Indian Education (Title VII)

We are planning a field trip to the State Capital for American Indian Caucus Day.  Attached is the Consent Form required to attend.


(more pictures available)

Oyate is one of two seniors to graduate the first term of the school year.  And the first for our program to spotlight.  She is deligtful and full of enthusiasm and energy. I asked Oyate to write a little about herself:  

My friends and family descibe me as creative, kind, passionate, hard working and beautiful. I love to sing, draw and to watch movies during my free time. My all time favorite movie is The Nightmare Before Christmas. My favorite food comes from my mother's side of the family, Filipino egg rolls called Lumpia. My favorite color is blue and my favorite sport is football. My favorite class was oil painting. My most memorable moment of high school has to be when my former principal Joe Kelly of Landmark High School pinned me with a special dragon pin for showing true dragon spirit in front of the whole school. My future plans are to work full time at a good paying job and move out on my own. One thing I have on my bucket list is to visit Australia. My favorite quote of all time is, "In the end, it's not going to matter how many breaths you took but how many moments took your breath away." -Unknown

P.S. I thought you might like this painting that I did in my oil paintings class as my final student project.

     One December 14th, students will have the opporotunity to work with Michelle Sanchez; beader, traditional regalia expert and teacher.  She will teach the basics of beading a Native American medallion.  Michelle learned to bead at a very young age and has shared her expertise and knowledge through artist in residence programs, after school labs and studio classes.   The class will be held on Monday, December 14 from 4:00-6:00 at Larsen Elementary.  The cost of the materials will be $10.00.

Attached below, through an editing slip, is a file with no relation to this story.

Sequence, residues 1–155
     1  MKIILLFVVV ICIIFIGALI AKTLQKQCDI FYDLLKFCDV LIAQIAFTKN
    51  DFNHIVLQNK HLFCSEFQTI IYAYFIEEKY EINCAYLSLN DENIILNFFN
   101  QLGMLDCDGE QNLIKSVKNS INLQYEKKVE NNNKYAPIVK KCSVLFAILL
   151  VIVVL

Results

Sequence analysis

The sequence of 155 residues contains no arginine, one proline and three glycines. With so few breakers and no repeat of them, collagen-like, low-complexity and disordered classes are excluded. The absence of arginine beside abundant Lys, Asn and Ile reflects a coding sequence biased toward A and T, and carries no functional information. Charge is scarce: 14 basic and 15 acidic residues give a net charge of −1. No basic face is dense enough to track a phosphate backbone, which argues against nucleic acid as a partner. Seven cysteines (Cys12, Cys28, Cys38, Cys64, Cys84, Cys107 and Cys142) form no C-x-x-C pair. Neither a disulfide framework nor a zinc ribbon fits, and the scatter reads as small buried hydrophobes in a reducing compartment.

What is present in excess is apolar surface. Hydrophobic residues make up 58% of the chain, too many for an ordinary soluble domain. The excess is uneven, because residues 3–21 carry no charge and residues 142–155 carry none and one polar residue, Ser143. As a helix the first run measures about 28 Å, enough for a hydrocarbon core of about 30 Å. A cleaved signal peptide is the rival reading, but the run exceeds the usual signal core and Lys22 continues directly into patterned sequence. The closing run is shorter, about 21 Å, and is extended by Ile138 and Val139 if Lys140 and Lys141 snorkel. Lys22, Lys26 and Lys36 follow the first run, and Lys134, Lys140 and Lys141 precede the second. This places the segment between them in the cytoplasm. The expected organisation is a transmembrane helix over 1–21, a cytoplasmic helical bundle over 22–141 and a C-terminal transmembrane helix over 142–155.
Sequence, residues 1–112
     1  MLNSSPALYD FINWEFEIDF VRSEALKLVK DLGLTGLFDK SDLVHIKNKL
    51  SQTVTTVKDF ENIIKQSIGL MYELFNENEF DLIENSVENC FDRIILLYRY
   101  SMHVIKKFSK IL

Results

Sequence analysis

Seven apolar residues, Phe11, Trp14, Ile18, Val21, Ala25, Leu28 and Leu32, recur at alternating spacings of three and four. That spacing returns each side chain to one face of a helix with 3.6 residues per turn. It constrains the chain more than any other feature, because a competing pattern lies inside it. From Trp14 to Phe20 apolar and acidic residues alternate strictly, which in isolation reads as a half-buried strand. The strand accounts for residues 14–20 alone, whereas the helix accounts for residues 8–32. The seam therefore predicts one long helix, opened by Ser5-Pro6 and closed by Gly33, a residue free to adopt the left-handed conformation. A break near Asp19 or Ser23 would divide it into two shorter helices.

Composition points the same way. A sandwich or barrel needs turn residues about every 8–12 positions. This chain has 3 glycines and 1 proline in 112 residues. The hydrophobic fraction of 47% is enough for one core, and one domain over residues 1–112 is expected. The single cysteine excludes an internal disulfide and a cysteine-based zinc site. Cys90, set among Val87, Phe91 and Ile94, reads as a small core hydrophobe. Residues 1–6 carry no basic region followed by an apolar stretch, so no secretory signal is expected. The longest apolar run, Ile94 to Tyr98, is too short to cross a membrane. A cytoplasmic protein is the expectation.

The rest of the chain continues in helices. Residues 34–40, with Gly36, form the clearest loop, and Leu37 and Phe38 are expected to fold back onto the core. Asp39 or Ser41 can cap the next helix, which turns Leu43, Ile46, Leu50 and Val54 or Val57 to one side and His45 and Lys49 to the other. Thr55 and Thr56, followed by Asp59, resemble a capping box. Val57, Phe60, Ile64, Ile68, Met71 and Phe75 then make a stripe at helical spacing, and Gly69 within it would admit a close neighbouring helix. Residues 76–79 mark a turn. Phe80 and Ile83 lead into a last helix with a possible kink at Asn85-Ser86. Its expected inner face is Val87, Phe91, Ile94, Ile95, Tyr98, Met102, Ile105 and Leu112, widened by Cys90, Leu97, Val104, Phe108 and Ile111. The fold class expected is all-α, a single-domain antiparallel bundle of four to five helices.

Native American medallions have been traced back to as early as 800 A.D.  The medallions were traditionally used as talisman against threat or harm. Medallions have been made of metals, precious stones, shells, and bone.  Since the introduction of trade beads,  medallions have become more sophisticated in their design.  Modern day madallions are now sometimes used as cultural and individual identity markers.  Come join us in learning how to build this traditional craft that spans across time and tribes.   

NATIONAL NATIVE AMERICAN HERITAGE MONTH, 2015

- - - - - - -

BY THE PRESIDENT OF THE UNITED STATES OF AMERICA

A PROCLAMATION

American Indians and Alaska Natives enrich every aspect of our country. As the
first to live on this land, Native Americans and their traditions and values
inspired -- and continue to inspire -- the ideals of self-governance and
determination that are the framework of our Nation. This month, we recognize the
contributions made by Native Americans since long before our founding, and we
resolve to continue the work of strengthening government-to-government ties with
tribal nations and expanding possibility for all.

Native Americans have helped make America what it is today. As we reflect on our
history, we must acknowledge the unfortunate chapters of violence,
discrimination, and deprivation that went on for far too long, as well as the
effects of injustices that continue to be felt. While we cannot undo the pain
and tragedy of the past, we can set out together to forge a brighter future of
progress and hope across Indian Country and the entire American landscape.

Since I took office, I have worked with tribal leaders to write a new chapter in
our nation-to-nation relationship. Ensuring young people have every opportunity
to succeed is a critical aspect of our work together, and this year my
Administration hosted the inaugural White House Tribal Youth Gathering following
the launch of Generation Indigenous -- an initiative aimed at improving the
lives of Native youth and empowering the next generation of Native leaders. We
will also host the seventh White House Tribal Nations Conference later this